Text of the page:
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Both high and low-carb diets can shorten life expectancy

In a recent study published in The Lancet, researchers investigated the long-term effects of low-carb diets on mortality.

Low-carbohydrate diets have become increasingly popular as a weight-loss technique. When individuals decrease carbohydrates in their diet, they typically replace the carbohydrates with plant or animal fat and protein. However, despite the popularity of this weight-loss strategy, it remains a hot topic of debate within the scientific community.

Lack of data on the long-term effects of low-carb diets

The low-carb diet, which often means an increase in the intake of protein or fat, has demonstrated its ability to induce short-term weight loss but many will argue that this is not enough to support its use as a weight-loss strategy. There is a lack of data regarding the long-term effects of this weight-loss technique on health.

Prior to the recent study published in The Lancet, mortality risk associated with a low-carb diet had not been extensively investigated due to the challenges this type of study would present. Inversely, recently published data from multinational and Asian studies reported increased mortality risk with high carbohydrate intake. Researchers in Boston thus believed that this lack of data warranted further research.

During this prospective cohort study, the investigators included data from 15,428 adults from the Atherosclerosis Risk in Communities study who completed questionnaires between 1987 and 1989 regarding their diets. The researchers examined the percentage of energy each adult was getting from carbohydrate intake and their all-cause mortality. The researchers also assessed the substitution of animal or plant fat and protein for carbohydrate and how this affected their mortality. These adults were followed-up, on average, over 25 years and the results of the study were combined with the analysis from seven multinational prospective studies on carbohydrate intake.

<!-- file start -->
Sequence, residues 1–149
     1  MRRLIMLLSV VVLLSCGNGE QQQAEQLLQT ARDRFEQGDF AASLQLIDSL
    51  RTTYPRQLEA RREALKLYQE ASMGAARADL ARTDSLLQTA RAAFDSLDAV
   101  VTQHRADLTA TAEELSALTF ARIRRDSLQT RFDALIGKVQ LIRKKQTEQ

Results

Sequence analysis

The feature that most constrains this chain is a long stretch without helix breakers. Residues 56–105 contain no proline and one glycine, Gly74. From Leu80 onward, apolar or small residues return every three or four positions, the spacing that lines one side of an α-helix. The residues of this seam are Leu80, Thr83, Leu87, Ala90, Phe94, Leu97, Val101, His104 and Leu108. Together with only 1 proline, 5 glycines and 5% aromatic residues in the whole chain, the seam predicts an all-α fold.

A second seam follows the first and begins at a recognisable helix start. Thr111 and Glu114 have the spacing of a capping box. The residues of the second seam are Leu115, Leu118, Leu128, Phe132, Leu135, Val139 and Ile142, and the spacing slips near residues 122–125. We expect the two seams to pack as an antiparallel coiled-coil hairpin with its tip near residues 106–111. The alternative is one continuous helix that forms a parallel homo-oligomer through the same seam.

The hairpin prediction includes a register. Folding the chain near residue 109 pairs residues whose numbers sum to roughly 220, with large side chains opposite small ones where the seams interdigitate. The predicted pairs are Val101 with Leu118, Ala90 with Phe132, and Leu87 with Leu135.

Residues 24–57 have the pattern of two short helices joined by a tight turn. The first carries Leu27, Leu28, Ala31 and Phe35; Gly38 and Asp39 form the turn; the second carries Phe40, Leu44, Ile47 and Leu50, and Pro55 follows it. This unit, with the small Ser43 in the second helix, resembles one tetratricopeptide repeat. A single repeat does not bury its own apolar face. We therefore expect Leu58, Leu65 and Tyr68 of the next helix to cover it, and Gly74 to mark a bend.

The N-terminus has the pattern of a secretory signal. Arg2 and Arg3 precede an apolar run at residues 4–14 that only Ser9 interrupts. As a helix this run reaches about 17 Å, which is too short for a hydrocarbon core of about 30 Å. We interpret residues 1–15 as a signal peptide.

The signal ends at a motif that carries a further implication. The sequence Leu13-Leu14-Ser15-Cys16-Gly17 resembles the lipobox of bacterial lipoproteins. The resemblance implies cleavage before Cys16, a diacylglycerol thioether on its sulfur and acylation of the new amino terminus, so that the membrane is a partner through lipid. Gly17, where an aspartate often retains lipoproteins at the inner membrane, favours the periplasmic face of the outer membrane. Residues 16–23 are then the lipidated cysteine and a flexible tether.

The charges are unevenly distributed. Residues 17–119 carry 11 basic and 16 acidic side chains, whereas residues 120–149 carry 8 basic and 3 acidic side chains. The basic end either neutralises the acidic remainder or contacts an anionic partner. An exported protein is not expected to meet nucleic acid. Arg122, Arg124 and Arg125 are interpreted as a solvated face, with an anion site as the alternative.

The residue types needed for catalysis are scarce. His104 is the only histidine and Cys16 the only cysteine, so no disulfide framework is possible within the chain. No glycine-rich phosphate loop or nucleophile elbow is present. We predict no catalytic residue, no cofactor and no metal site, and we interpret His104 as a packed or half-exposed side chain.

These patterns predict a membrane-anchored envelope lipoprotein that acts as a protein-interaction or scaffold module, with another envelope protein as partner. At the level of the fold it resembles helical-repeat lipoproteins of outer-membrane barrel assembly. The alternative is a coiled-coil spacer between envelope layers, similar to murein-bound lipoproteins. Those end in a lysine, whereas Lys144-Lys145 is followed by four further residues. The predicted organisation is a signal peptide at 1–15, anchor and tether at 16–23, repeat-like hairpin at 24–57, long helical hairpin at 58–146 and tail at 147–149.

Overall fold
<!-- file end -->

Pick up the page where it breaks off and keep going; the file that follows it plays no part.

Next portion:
Only low-carb diets with plant-based proteins were associated with lower mortality

The overall conclusion from this study was that both high and low-carb diets were associated with increased mortality, with the least risk observed with 50-55% carbohydrate intakes. Low–carb diets with animal-derived protein and fat from sources such as lamb, beef, pork and chicken were linked with higher mortality rates.

Interestingly, on the other hand, a low-carb diet that employed plant-derived protein and fat intake from sources such as vegetables, nuts, peanut butter, and whole grain bread were associated with lower mortality.

Animal-based, low-carb diets should be discouraged, researchers say

The researchers of this study suggest that the source of food changes the association between carbohydrate intake and mortality, which provides further evidence that animal-based, low-carb diets should not be encouraged. Conversely, restricting carbohydrate intake in combination with increased plant-based fats and proteins could potentially give a long-term strategy to promote healthy ageing.

Written by Jade Marie Evans, MPharm, Medical Writer

Reference: Seidelmann, S et al. 2018. The Lancet. [Online]. [2 October 2018]. Available from:

Jade Evans MPharm
Jade Evans MPharm
Jade obtained her Master of Pharmacy degree from Cardiff University, UK in 2015 and then went on to work as a Pharmacist within the NHS, across both the hospital and community sectors. In 2017, she began her work for the medical news bulletin and moved to Perth, Australia. She is now working at Perth Children’s Hospital working in the Anaesthetic and Pain Management Research Group.


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